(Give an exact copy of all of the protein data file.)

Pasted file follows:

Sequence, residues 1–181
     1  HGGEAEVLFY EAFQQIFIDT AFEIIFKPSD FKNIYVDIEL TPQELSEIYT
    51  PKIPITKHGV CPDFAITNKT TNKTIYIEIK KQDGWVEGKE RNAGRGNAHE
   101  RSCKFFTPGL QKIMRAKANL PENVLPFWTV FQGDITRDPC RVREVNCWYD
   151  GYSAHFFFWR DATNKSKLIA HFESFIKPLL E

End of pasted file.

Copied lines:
Sequence, residues 1–181
     1  HGGEAEVLFY EAFQQIFIDT AFEIIFKPSD FKNIYVDIEL TPQELSEIYT
    51  PKIPITKHGV CPDFAITNKT TNKTIYIEIK KQDGWVEGKE RNAGRGNAHE
   101  RSCKFFTPGL QKIMRAKANL PENVLPFWTV FQGDITRDPC RVREVNCWYD
   151  GYSAHFFFWR DATNKSKLIA HFESFIKPLL E